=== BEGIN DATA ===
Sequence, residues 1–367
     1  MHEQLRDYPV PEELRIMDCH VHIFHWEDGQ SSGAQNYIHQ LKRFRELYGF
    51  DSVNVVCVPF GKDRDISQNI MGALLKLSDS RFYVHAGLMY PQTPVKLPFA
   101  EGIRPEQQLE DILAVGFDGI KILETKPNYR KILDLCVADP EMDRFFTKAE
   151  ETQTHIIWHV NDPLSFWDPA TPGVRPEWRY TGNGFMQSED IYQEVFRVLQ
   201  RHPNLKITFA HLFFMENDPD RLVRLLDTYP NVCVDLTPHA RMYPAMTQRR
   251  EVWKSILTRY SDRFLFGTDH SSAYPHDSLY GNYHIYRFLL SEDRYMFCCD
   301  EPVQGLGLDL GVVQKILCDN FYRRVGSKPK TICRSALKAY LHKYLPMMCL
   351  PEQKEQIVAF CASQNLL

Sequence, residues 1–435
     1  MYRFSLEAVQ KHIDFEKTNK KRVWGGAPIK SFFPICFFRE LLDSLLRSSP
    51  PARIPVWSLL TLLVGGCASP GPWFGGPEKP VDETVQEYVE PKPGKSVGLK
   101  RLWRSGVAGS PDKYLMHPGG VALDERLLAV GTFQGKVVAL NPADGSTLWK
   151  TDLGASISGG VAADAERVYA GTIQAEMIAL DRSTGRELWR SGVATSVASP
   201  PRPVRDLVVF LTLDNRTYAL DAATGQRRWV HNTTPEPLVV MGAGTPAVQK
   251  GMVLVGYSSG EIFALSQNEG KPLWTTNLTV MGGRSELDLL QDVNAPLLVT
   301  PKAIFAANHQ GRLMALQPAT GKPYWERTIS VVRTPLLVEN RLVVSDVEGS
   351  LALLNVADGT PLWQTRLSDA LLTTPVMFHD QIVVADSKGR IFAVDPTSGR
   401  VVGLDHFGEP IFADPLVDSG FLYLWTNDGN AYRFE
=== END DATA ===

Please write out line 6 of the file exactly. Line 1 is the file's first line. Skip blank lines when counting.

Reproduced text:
   201  RHPNLKITFA HLFFMENDPD RLVRLLDTYP NVCVDLTPHA RMYPAMTQRR